Seven years after the release of Arctic Summer, South African novelist and playwright Damon Galgut is back with his latest read, The Promise. Galgut had been shortlisted for the Booker Prize for The Good Doctor (2003) and In a Strange Room (2010). Last year, he bagged that literary prize for The Promise.
The 300-page novel follows the story of a white family of five living in a city in Gauteng province and the administrative capital of the Republic of South Africa, Pretoria. The Promise captures the downfall of the Swarts as they fail to fulfil a promise made to a family helper, Salome. Galgut focuses on shattered family relationships, institutionalised racism, pretentious religious figures and false hope in this book.
Significantly different from the rest, Amor, the youngest daughter of the Swarts is silent (or made to be) during the earlier part of the story as the family believes she is not reliable and mentally disturbed after a distressing incident that occurred when she was six years old: she was struck by lightning. Oddly enough, she stands out as the main character.
The tale opens with Amor being informed of her mother’s death due to cancer by her aunt Tannie Marina. The confusing family dynamics of the Swarts from the beginning set the tone for the rest of the book. It seems like peace does not exist in their vocabulary, even after death befalls them. Tannie Marina is furious that “Ma has betrayed the whole family by changing her religion, going back to her old religion”. Ma’s recent return to her Jewish faith from Christianity exerts more pressure on the existing tensions between her family and in laws who are now arguing about funeral proceedings — one side wants Ma’s wishes to be respected while the other wants the deceased to be buried at the designated family cemetery.
Amor is haunted by the promise Pa made to Ma two weeks before her death — Amor had overheard their conversation about granting a piece of land to Salome, given her undivided loyalty and service to the family. Pa reluctantly agrees to Ma’s wishes although he is not convinced Salome deserves a house of her own. This thought is reflected by South African law at the time, which prohibits a Black person from owning an asset or property. Naturally, this ridiculous promise is not taken into consideration and it does not help that the only witness is painted as someone “crazy”, so no one in the family takes Amor’s words seriously.
Everyone plods along with their lives until they are linked back over the years by a sequence of deaths. Amor refuses any kind of interaction with family members, so she moves to London for a while before working as a nurse at the HIV ward of a hospital in Durban. She is brought back to the farm upon receiving news of each person’s demise, roughly 10 years apart.
As she attends the funerals, Amor never misses the chance to start a discussion about “the promise” with her siblings, although her request to fulfil their mother’s wishes is denied each time. Amor shoulders the burden and lets the guilt and suffering consume her life. She works some demanding jobs and never gets hold of the allowances left behind by Pa for the children after his death.
Although Salome is belittled and betrayed by the Swarts, she is in fact the glue and pillar of the clan. While everyone else cannot hold a conversation without arguing among themselves, they reckon they ought to speak nicely to Salome, even if only to request that she prepares their meals. Holding her up as the maternal figure, the family members feel obliged to inform her when one of them has died. This appears to be the right thing to do as she had practically raised and looked after the children all her life.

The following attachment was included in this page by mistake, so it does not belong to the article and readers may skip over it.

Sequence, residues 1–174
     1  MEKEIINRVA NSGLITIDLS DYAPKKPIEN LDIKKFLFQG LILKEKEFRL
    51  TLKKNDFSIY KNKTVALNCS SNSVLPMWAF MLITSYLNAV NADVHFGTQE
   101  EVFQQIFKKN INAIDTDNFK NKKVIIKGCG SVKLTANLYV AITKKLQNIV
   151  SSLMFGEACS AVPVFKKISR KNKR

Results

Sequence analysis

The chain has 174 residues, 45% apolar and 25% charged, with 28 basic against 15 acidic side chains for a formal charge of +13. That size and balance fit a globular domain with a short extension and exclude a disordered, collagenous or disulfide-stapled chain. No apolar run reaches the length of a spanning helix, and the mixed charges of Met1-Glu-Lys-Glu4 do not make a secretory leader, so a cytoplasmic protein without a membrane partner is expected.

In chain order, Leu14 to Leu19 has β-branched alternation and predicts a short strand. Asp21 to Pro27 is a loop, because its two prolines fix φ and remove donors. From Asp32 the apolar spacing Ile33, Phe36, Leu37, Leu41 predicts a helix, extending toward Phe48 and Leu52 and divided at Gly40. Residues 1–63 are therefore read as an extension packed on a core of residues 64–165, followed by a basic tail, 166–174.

In one instance, after Anton’s death, the family is not able to reach Amor to inform her of the news. It is Salome who calls Amor, making Anton’s wife, Desiree, question “The girl. Had Amor’s number. Why does she have it, but we don’t?” The connection developed between Amor and Salome is heart-warming and opposite of that the relationship between Amor and her family members, which is distant and cold.
This coming-of-age novel is divided into four sections: Ma (Rachel), Pa (Manie), Astrid and Anton, which are linked to the historical background of South Africa — the dismantling of the apartheid regime; the 1995 Rugby World Cup victory; the inauguration of President Mbeki; and the resignation of President Jacob Zuma. The reduction of Swart members one by one is a reflection of the withering white colonial rule during apartheid, while the unfulfilled promise to Salome indicates freedom from the oppressive political system, which has never been fully granted to the people.
Galgut adopts the cinema writing method in The Promise, “The voice of the book moves forward continuously, without a break, in the same way a film runs on to its end,” he tells Penguin Books. The narrative flows from one character to another and the main action is intertwined with some arbitrary event happening on the sidelines — all written without quotation marks.
The book requires a bit of work from readers, given the long-stretched chapters and free-form writing. A series of comical occurrences weaved into the narrative cleverly presents real-life difficulties — death, betrayal, hypocrisy — in a lighter way. It also subdues the intensity from having to differentiate which character’s voice is taking centre stage at certain moments. For that reason, we think The Promise was deserving of the Booker.
Damon Galgut’s 'The Promise' is available at Lit Books for RM89.90. Buy here.
This article first appeared on Apr 11, 2022 in The Edge Malaysia.